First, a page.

Help Limit Drugging of Horses Used for Racing
|June 17, 2013||Posted by Laura Allen under Federal, Horse Racing and Exhibitions|
Congressman Joe Pitts (R-Pa.), Congresswoman Jan Schakowsky (D-Ill.), Congressman Ed Whitfield (R-Ky.) and Congresswoman Anna Eshoo (D-Calif.) have introduced H.R. 2012, the Horseracing Integrity and Safety Act. The bill would provide the U.S. Anti-Doping Agency (USADA) with authority to clean up the sport and enforce anti-doping standards in races with simulcast wagering.
The Senate version, S. 973, was introduced by Sen. Tom Udall (D-CO).
“Doping is a serious problem in today’s horseracing industry.” said Congresswoman Schakowsky.
“[I]t’s important that we shed light on a scandal that is plaguing horse racing in America—doping,” said Congresswoman Eshoo. “This cruel and dangerous practice with race horses not only causes an average of 24 horses to drop dead every week, but it is still permitted by law in the U.S.”
USADA is a non-governmental organization that is designated as the official anti-doping agency for the U.S. Olympics and works with sports leagues to strengthen clean competition policies.
Under the new legislation, USADA would develop rules for permitted and prohibited substances and create anti-doping education, research, testing and adjudication programs for horseracing. The Act would require USADA to issue rules prohibiting race day medication and clarifying those substances that cannot be administered to horses participating in a race as well as those that can. The bill provides USADA would implement ‘programs relating to anti-doping education, research, testing, and adjudication to prevent any horse participating in a horserace …from racing under the effect of any substance, method, or treatment that could affect the performance of the horse [(unless otherwise authorized by USADA)]”.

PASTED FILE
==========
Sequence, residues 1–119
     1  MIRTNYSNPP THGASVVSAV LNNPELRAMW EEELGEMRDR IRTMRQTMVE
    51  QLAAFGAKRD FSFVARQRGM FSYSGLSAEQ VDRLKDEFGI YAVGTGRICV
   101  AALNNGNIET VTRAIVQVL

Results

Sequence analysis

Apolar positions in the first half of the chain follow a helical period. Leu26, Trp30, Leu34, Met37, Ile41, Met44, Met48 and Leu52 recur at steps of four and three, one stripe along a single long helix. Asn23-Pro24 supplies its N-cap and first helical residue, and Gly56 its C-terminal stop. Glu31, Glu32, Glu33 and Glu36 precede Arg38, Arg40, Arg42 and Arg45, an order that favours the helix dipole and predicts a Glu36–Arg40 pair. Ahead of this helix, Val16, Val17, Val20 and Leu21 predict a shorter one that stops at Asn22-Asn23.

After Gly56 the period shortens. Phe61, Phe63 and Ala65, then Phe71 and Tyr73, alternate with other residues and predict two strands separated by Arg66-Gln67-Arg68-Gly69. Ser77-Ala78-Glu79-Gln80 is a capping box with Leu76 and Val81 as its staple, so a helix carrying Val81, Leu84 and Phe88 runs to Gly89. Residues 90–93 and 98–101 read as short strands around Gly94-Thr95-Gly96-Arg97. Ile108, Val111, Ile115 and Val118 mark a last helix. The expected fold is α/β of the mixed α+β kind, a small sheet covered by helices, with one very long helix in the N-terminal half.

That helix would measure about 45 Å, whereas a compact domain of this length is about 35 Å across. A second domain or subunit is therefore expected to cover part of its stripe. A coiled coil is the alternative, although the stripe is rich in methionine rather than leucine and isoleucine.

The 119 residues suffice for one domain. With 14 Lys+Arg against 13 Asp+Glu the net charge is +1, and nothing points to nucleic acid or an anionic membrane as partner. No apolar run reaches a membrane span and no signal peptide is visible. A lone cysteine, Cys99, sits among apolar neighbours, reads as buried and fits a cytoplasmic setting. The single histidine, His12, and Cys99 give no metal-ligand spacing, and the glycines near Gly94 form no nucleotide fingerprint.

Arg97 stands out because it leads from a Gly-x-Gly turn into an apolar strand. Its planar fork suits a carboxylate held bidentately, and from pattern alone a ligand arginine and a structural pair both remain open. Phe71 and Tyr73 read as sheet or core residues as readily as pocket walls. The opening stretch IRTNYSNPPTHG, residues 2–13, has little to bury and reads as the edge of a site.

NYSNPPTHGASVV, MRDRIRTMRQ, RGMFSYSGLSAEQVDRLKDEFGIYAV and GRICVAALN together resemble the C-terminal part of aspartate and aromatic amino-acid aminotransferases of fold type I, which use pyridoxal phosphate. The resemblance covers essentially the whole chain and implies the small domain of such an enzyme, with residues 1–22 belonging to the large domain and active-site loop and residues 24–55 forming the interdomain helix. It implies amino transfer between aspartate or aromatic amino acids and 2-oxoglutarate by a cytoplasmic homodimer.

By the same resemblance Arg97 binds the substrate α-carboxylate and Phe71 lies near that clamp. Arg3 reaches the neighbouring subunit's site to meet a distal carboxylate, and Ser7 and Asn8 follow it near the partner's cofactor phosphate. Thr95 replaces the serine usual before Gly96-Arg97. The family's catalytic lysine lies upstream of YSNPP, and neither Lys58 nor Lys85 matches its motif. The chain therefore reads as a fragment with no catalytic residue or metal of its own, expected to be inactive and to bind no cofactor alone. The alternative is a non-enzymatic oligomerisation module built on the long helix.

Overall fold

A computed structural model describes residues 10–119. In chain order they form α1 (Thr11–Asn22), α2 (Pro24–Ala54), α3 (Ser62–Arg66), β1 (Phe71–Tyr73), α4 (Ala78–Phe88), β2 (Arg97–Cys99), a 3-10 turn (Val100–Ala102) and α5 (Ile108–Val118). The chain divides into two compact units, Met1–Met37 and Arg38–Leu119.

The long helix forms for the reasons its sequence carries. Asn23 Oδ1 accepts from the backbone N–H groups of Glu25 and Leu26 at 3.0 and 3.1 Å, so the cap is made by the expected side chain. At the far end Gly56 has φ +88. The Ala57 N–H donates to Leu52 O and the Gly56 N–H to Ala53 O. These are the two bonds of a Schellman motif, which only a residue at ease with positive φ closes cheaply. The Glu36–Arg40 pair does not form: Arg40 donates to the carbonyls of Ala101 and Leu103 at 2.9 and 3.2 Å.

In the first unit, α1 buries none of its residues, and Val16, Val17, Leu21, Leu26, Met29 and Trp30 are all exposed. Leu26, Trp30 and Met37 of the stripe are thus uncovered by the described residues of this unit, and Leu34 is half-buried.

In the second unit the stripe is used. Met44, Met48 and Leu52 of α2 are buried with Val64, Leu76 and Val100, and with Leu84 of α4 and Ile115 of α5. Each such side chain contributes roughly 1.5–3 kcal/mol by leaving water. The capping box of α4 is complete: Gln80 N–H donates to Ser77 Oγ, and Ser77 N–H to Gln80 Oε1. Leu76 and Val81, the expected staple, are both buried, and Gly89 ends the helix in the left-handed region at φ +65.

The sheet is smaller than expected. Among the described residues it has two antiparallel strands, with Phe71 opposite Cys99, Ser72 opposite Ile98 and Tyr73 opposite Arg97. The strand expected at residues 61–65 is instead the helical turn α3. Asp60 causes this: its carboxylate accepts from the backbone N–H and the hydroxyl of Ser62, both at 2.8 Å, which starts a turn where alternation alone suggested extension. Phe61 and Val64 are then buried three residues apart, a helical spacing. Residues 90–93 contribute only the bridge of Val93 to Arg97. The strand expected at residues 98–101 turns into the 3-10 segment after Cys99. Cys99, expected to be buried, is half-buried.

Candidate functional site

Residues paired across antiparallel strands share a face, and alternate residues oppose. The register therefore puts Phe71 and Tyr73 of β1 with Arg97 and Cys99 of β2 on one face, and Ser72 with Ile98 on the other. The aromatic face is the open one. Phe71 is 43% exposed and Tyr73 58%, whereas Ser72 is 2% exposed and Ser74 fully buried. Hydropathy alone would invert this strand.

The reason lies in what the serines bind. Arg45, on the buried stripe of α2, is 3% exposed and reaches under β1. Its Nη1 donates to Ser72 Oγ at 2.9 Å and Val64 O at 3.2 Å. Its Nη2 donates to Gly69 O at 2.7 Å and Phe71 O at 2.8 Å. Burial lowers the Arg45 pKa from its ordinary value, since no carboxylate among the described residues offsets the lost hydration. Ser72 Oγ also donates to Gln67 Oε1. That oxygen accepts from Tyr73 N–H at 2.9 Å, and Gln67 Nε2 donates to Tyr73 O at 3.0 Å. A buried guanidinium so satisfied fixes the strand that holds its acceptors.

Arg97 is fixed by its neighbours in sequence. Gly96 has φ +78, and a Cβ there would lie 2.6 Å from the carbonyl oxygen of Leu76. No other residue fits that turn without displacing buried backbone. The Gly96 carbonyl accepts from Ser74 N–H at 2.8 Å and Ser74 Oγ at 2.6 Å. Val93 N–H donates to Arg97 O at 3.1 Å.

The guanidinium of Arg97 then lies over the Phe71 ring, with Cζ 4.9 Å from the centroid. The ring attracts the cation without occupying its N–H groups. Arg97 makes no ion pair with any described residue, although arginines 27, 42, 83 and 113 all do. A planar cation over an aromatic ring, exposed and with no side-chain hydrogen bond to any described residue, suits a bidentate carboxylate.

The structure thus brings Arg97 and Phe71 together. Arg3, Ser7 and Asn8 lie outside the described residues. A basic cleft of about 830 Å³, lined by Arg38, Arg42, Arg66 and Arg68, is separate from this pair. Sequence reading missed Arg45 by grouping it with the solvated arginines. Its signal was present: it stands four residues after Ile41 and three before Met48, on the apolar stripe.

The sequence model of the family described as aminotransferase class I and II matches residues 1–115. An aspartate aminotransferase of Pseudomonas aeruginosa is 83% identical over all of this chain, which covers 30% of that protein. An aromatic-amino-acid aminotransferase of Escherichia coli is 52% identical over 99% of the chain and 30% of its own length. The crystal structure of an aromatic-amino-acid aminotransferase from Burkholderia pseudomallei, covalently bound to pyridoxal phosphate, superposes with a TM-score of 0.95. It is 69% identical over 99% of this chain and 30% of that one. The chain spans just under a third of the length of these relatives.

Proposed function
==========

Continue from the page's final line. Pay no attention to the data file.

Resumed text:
USADA would also be responsible for issuing regulations that would exclude from horseracing where simulcast betting is allowed any person that the USADA or a State racing commission determines—
(A) has administered a banned substance to a horse participating in a race (a one and done penalty); (B) has violated 3 or more times a rule relating to substances that can be administered to a horse participating in a horserace in the context of the veterinarian-client relationship or relating to a ban on race day medication (3 strikes and out penalty); or (C) is subject to a suspension from horseracing activities by any State racing commission.
There is a provision in the Act that would allow USADA to suspend a ban on racing if the offender assists USADA or other authorities in uncovering other violations.
There is also a phase in period for the use of furosemide if the horse is at least 3 years old, complies with the requirements of the document entitled ‘‘ARCI-011-020 Medications and Prohibited Substances’’ published by the Association of Racing Commissioners International, Inc.; and is within the context of a veterinarian client-patient relationship.
The move to put USADA in control of regulating medication and other substances given to race horses is good news for the horses.
The lack of effective regulation is shocking. Take the case of trainer Doug O’Neill that has drawn media attention. Doug O’Neill’s horse, I’ll Have Another, won the Kentucky Derby and the Preakness.
But take a
look at his other record, the one that shows he has multiple violations across
several states, 25 since 2005, particularly for doping his horses with drugs,
steroids or other substances that mask injuries and increase speed. -www.ThoroughbredRulings.com
O’Neill was suspended in California for just 45 days and given a $15,000 fine for milk shaking a horse in 2010. This means he is accused of illegally giving a horse a mixture of bicarbonate soda, electrolytes and sugar with the idea of enhancing performance by reducing fatigue. A blood test on his horse, Argenta, at the August 25, 2010 race at Del Mar revealed elevated levels of TCO2, a measure of carbon dioxide in a horse’s bloodstream, a sign of milkshaking. O”Neill has previously been fined for milkshaking but he denies ever doing it, telling AP reporter David Ginsburg, “everything will be fine…. I’m very confident everything will be dropped.” For its part, the California Horse Racing Board delayed the suspension until after the Belmont Stakes. Again, the race, the win, the money, are more important than the safety of the horses.
O’Neill has reason to be confident that the labyrinth of state racing commissions, controlled by the industry, will never stop him from racing no matter how many times he may violate restrictions on drugs and other substances given to horses. Attorneys for violators have been very successful in delaying hearings and appeals so that there is virtually no disruption to their racing careers.